Salem Peace Society


The Peace Testimony is probably the best known testimony of Friends. The belief that violence is wrong has persisted to this day, and many conscientious objectors, advocates of non-violence and anti-war activists are Friends. 

Friends of Peace PampletQuakers' original refusal to bear arms has been broadened to embrace protests and demonstrations in opposition to government policies of war and confrontations with others who bear arms, whatever the reason, in the support of peace and active nonviolence. Because of this core testimony, the Religious Society of Friends is considered one of the traditional peace churches.

One of the earliest peace societies in the United States originated in Salem in 1819. Fifty-seven men, of whom thirty-nine were Quakers, met and organized the Salem Peace Society. Published minutes record its history from the active and hopeful beginning until the summer of 1826 when the minutes terminate. The first minutes from the meeting report a preliminary meeting, late in 1818 at the Quaker founders of the Blue River Meeting House. Copies of Friend of Peace were procured to be distributed to the members.

Benjamin F. Trueblood, Quaker from Salem IndianaBenjamin Franklin Trueblood, a descendant of one of these Quakers was for many years General Secretary of the American Peace Society and made many trips abroad in the interest of peace and international arbitration. The son of another (Barnabus Coffin Hobbs) in 1878 made a visit to St. Petersburg to lay before the Czar a memorial praying for exemption from military duty of all Russian subjects who had conscientious scruples against war, and urging upon the Czar the adoption of arbitration as a substitute for war.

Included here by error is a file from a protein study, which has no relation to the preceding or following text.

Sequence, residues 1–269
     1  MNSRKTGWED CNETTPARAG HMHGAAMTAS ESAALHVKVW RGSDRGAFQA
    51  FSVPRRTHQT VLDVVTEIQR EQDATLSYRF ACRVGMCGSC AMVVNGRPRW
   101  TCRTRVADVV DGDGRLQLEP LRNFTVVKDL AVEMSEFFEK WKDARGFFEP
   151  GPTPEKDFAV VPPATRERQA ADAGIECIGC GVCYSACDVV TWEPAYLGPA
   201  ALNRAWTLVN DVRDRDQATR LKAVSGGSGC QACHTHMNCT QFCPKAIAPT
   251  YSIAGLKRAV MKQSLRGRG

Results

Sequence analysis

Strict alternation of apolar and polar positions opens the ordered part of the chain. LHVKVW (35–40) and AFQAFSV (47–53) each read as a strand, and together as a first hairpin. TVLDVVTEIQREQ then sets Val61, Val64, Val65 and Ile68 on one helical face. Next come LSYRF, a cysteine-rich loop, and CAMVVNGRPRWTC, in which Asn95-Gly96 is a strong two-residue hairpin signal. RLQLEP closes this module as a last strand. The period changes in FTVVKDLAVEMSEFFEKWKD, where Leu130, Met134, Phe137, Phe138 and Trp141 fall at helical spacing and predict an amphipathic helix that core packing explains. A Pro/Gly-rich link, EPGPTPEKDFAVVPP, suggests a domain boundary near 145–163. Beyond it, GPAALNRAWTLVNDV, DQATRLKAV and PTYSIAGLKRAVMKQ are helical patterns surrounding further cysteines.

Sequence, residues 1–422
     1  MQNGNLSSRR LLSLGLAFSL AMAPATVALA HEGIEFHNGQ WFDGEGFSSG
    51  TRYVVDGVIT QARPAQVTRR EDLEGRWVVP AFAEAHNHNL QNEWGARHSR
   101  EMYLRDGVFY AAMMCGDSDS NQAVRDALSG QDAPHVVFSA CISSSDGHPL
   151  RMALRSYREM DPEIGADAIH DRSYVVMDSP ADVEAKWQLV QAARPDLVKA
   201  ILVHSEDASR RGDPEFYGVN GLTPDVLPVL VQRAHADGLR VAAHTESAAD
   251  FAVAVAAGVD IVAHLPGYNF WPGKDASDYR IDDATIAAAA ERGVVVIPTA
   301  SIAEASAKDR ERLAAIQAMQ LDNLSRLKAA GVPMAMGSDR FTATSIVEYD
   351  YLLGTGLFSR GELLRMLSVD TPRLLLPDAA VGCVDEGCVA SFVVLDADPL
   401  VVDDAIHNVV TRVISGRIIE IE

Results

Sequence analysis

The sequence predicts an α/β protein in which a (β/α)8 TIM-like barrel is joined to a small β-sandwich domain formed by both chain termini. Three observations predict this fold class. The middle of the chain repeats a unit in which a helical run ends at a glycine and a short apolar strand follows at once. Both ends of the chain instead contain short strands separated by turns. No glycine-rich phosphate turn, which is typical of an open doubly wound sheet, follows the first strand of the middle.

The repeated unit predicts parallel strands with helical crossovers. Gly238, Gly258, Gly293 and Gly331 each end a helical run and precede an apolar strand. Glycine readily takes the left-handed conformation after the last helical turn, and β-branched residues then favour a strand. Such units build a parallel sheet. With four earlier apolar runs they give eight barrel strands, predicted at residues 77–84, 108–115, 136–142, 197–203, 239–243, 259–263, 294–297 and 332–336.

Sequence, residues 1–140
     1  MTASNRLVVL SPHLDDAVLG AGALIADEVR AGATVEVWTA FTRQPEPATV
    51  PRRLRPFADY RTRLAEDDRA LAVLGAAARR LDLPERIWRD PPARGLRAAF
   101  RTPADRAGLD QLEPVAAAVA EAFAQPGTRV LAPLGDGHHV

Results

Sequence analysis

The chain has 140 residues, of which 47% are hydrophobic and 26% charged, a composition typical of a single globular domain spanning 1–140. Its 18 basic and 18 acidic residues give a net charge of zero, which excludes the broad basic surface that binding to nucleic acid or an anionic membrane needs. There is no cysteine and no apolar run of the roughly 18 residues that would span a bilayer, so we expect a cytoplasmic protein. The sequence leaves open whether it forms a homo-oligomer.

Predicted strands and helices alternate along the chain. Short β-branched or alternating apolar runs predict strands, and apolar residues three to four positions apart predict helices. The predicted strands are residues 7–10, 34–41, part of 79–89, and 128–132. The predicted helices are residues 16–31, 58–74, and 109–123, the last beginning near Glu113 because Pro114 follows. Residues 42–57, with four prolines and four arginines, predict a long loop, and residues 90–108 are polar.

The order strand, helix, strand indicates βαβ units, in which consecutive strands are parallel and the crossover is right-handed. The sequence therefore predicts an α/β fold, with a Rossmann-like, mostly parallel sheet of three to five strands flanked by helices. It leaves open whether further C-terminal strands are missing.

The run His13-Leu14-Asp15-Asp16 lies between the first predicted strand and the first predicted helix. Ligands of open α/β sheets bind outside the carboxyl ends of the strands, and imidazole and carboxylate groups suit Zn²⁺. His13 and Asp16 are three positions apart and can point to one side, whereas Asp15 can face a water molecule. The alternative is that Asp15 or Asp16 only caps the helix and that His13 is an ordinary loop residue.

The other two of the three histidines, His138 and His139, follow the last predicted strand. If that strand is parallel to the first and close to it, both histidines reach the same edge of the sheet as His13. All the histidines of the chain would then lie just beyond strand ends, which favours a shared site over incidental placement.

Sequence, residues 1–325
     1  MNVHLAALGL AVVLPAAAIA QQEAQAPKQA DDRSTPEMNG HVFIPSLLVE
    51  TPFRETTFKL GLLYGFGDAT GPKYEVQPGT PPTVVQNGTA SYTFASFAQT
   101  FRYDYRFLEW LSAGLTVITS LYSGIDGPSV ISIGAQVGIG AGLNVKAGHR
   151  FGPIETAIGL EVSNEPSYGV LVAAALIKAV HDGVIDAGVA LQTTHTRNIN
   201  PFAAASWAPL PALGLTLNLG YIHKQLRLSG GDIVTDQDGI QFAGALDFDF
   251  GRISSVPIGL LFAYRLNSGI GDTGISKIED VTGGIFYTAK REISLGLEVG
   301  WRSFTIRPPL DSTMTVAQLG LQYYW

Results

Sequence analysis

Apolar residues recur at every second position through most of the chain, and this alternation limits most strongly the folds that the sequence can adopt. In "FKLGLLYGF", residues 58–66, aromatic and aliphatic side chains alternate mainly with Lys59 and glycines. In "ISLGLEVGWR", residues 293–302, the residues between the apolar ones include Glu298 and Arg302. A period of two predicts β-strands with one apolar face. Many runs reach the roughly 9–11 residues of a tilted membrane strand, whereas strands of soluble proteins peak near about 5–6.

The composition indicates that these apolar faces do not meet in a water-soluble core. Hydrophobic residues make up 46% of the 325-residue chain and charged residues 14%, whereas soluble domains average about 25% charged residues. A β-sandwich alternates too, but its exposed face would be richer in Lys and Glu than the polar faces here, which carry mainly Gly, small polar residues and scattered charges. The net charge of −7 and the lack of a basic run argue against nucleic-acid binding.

Benjamin Franklin Trueblood was educated at Earlham, A. B., 1869, and A. M., 1875; State University of Iowa, LL.D., 1890. He also studied theology. He was a minister of the Society of Friends, and served as president of Wilmington, Ohio College, 1874-1879, and Penn College, Oskaloosa, Iowa, 1879-1890. He resided in France, 1890-1891.

In 1892, he became General Secretary of the American Peace Society, which post he retained until his retirement on May 7, 1915. He attended The Hague Peace Conference in 1899, and made many trips abroad in the interest of international arbitration and peace. He was a lecturer and writer on international subjects, and served as Editor of Advocate of Peace from 1892 to 1915. Author: The Federation of the World, 1897. Translator of Kant's Zum Ewigen Friedeu, 1897. He died on October 26, 1916.

On first thought it seems simply a happy accident that Benjamin F. Trueblood came from a tiny Hoosier community, bearing a name "Salem" which signifies "Peace," should contribute to the world, within a single decade, two such renowned pacifists as America's great peace-making Secretary of State, John Hay and the Western Hemisphere's most Statesman like Secretary of Peace in Benjamin F. Trueblood. 

The Salem Peace Society was a relatively small and now little remembered venture, but it demonstrates the spirit and motivation of the men from the Blue River Quaker Settlement and their desire for peace and concord in the world.

The Historic Blue River Quaker Settlement was established in 1815